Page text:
A new claim has been made against Google; this time from Getty Images. Getty is due to file a complaint with the European Commission about Google’s high resolution image search. Whilst this makes Google’s image search results clearer, Getty alleges that it has an effect on consumers – as they don’t need to visit the publisher’s site. As such, revenue and traffic has decreased. In addition to this, the images can be saved or downloaded from the search results themselves; promoting copyright infringement and piracy. When Getty went directly to Google with this problem, it was allegedly told to bear the presentation of the images or remove all its stock from the Google search.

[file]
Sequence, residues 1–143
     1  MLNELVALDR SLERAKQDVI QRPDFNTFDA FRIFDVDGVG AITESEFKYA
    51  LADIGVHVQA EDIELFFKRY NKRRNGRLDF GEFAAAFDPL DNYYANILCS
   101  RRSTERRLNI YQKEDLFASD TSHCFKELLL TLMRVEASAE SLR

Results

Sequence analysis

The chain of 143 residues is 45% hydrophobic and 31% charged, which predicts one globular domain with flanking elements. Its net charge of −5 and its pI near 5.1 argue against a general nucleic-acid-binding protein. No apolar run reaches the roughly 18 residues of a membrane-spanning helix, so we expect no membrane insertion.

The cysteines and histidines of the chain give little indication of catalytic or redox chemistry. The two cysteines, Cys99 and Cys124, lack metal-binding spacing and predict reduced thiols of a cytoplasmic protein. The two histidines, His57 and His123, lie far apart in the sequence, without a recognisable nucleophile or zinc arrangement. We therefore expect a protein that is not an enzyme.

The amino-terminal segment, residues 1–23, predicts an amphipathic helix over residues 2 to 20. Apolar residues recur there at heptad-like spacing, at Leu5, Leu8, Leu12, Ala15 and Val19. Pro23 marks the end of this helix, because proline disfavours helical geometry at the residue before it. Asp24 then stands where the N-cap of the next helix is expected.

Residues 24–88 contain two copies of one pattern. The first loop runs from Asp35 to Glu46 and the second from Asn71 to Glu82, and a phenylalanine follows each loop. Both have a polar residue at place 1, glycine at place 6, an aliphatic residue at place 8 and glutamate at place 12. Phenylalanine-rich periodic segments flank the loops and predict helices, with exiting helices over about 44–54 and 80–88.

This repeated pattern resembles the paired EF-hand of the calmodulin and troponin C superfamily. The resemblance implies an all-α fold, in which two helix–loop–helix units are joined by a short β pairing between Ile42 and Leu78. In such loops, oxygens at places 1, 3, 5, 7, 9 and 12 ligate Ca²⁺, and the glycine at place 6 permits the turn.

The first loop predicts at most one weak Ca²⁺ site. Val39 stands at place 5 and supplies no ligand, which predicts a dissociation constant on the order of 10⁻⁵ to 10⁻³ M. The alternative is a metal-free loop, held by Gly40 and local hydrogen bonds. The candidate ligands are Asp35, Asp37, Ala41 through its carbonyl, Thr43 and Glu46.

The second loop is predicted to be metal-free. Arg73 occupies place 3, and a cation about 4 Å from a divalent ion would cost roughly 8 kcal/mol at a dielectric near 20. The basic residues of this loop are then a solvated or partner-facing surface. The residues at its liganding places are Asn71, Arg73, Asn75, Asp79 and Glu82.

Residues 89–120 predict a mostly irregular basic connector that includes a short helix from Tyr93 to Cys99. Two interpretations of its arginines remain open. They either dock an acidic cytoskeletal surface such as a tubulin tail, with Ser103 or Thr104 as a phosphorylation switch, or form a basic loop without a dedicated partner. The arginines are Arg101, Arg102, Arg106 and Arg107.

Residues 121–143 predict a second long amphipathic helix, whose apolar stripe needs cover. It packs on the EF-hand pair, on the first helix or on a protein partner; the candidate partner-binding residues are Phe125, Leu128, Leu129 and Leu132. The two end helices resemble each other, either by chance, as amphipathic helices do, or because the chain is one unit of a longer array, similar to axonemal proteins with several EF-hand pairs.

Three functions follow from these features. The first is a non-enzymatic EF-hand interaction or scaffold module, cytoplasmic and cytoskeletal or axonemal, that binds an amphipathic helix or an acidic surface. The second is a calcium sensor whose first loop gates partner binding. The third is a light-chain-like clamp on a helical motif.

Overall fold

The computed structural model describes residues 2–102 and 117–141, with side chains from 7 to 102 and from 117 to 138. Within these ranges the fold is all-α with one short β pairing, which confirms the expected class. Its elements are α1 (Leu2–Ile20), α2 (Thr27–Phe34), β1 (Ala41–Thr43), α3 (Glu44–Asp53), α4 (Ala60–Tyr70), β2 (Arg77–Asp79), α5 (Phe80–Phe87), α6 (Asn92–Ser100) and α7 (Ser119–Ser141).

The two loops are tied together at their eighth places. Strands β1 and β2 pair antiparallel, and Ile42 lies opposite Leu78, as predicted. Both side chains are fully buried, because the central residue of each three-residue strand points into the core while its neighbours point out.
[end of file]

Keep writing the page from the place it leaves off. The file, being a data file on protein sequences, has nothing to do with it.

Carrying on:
This case has interesting ramifications on the law of copyright. Getty is right to a degree – in that a Google image search will allow the user to search for images and download them, with no thought for the creator (and perhaps the royalty they may owe). Organisations such as the Copyright Hub are trying to rectify this; aiming to make the licensing of content easier. But this complaint goes one step further; alleging that Google’s search platform is encouraging piracy and copyright infringement. Perhaps even suggesting that this needs to change. Whilst we don’t know Google’s take on this claim, it will be interesting to hear their response!